Moreover, Nursi in his article entitled “Reality” again pointed out that members of Islamic Union are devoted to love and they have no time for enmity.( Ibid., 78) Once he was asked if there was a possibility for the Europeans to be perturbed by Union of Muslims. Nursi replied that, “It is not they who are our enemies; what has in reality brought us this low is opposition to the Shari’ah, which is the result of ignorance, thus preventing us from upholding the Word of God; and poverty and its fruits of immorality and bad conduct; and conflict and its products of strife and hatred; the attacks of our Union are directed at these three enemies.”( Ibid., 85.) In the Middle Ages, according to Nursi, Islam was compelled to be bigoted and hostile in the face of Europeans’ savagery, but it nevertheless maintained its justice and moderation. But in this time of modern civilisation, the Europeans are civilised and powerful, and harmful hostility and bigotry have therefore disappeared. For in respect of religion, the civilised are to be conquered through persuasion, not through force, and through showing by conforming to its commands in actions and conduct that Islam is elevated and lovable. Force and enmity are only to combat barbarity of savages. ( Ibid.) Hence, attitude of Muslims toward Europeans and nature of relations with them, according to Nursi, should be based on moderation, friendship and sympathy.
Nursi always urged his students to act tolerantly and peaceably toward followers of other paths and to return any criticism or aggression with good will, and above all not to allow political differences to cause disunity and so aid irreligion.( Vahide, Islam in Modern Turkey, 241-242) Then, the paper suggests that Nursi advocated not the unity of Muslims alone, but called all religious peoples of the world for cooperation against atheism and secularism. For instance, he sent copies of Risale-i Nur to Pope in Rome; and, in response to this, received a letter of thanks from the Vatican dated February 22, 1951. Moreover, during his stay in Istanbul in the spring and summer of 1953, Nursi visited Athenagoras, the Greek Orthodox patriarch of Istanbul. ( Ibid., 317)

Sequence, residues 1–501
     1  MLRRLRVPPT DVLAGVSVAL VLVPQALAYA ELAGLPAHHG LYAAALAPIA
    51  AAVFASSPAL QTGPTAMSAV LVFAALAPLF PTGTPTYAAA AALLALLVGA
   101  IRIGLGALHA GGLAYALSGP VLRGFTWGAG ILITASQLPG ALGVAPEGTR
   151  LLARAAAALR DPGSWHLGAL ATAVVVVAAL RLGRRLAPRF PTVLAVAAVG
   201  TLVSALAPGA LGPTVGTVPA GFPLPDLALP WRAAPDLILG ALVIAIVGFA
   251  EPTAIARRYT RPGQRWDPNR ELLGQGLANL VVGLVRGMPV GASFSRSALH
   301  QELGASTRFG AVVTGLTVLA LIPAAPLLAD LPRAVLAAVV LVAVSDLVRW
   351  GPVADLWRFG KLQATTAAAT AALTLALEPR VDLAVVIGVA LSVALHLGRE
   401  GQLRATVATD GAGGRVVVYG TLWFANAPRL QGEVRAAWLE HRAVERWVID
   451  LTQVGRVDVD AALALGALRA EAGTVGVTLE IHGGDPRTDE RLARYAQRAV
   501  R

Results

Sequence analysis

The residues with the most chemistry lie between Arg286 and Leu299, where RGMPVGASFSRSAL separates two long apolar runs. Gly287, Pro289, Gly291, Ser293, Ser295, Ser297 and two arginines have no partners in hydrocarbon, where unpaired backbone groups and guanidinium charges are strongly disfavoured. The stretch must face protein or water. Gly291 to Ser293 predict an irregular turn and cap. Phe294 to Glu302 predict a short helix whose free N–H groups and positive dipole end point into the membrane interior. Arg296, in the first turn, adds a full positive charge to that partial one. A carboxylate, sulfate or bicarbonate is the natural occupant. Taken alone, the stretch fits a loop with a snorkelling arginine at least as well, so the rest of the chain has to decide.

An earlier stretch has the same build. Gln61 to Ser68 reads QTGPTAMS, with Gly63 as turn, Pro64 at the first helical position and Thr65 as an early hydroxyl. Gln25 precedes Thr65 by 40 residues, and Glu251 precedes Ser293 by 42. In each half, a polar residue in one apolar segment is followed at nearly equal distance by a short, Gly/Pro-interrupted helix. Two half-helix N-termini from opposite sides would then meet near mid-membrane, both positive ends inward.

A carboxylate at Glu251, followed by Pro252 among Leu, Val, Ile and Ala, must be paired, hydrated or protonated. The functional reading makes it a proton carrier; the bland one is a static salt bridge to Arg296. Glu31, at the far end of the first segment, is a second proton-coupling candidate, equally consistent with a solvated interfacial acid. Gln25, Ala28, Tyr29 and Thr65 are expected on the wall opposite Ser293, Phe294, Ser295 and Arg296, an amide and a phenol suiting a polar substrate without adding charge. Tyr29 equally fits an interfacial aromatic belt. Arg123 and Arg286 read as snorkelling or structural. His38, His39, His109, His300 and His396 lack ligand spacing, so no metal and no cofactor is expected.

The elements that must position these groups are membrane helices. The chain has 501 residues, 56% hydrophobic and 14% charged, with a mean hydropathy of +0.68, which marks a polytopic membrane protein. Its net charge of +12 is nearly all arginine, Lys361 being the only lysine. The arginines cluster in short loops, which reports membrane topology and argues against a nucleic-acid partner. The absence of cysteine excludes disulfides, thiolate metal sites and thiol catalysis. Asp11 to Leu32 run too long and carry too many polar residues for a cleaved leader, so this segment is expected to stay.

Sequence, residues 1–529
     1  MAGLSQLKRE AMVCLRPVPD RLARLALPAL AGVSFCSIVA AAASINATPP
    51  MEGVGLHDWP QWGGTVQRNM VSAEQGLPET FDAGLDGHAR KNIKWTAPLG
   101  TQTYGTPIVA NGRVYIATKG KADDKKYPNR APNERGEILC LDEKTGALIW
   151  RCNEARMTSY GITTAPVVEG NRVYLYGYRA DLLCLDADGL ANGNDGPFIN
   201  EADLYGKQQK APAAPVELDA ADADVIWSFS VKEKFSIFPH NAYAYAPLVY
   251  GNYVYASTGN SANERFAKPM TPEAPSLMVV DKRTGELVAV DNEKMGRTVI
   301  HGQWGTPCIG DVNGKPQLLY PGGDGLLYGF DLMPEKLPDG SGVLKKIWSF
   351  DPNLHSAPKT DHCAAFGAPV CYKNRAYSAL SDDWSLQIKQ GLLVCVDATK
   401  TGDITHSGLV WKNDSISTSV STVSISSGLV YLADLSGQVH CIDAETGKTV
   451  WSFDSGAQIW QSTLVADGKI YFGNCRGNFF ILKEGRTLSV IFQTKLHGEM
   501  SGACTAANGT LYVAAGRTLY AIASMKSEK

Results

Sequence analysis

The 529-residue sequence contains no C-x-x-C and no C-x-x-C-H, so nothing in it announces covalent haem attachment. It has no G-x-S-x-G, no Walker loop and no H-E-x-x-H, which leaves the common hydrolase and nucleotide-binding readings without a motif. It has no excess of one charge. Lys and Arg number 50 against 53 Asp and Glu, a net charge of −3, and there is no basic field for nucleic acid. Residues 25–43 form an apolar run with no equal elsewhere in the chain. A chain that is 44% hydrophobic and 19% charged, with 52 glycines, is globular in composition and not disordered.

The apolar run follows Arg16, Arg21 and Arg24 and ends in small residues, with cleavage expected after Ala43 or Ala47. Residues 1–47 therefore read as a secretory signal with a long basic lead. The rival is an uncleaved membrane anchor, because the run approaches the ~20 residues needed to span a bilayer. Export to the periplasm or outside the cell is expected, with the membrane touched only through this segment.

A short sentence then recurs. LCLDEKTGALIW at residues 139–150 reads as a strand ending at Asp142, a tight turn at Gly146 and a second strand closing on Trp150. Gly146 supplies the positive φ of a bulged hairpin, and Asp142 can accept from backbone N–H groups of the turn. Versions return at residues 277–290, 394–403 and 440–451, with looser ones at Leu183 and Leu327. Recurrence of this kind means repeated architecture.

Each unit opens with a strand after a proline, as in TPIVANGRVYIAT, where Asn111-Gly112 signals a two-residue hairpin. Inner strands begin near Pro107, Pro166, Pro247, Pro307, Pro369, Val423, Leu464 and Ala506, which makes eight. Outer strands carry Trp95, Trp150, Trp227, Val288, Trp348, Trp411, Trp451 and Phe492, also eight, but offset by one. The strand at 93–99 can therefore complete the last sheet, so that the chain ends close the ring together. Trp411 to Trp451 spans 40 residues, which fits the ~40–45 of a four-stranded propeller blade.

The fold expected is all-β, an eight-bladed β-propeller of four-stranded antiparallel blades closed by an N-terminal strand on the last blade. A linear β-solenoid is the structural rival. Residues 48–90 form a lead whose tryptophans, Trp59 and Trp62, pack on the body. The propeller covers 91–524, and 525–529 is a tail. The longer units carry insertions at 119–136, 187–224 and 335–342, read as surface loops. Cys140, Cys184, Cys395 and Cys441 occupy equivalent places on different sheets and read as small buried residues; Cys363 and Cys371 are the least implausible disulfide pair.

Even regarding the colonial powers, Nursi said that the Europeans are crushing Muslims under their tyranny with the weapons of science and industry. We, said Nursi, shall therefore wage jihad with the weapons of science and industry on ignorance, poverty, and conflicting ideas, the worst enemies of upholding the Word of God. ( Nursi, Damascus Sermon, 78)
Nursi, accordingly, condemned all types of extremist ideas and actions as they were harmful for healthy progress and well-being of humanity, and this is perfectly shown in his ideas regarding the attitude of Muslims towards non-Muslims and the followers of other beliefs and mazhabs.
Today we are living in such a desperate situation, which gives no hope for the bright future of humanity unless the efficient and practical solutions shall be identified urgently. This paper accordingly suggests the following four concluding remarks. First, there is a critical need for finding solutions to make the future of humanity better and safer. Based on the principles of moderation, unity and respect towards the non-Muslims, Islamic civilisation was able to shine and progress for long centuries. Thus Nursi considered moderation as an authentic Islamic way of dealing with non-Muslims and the followers of other faiths, or other ethnicities. The Risale-i Nur approach, based on the positive role of moderation in creating unity and solidarity as a solution, is accordingly capable to provide happiness and security for all humanity regardless of their religious, ethnic or social backgrounds.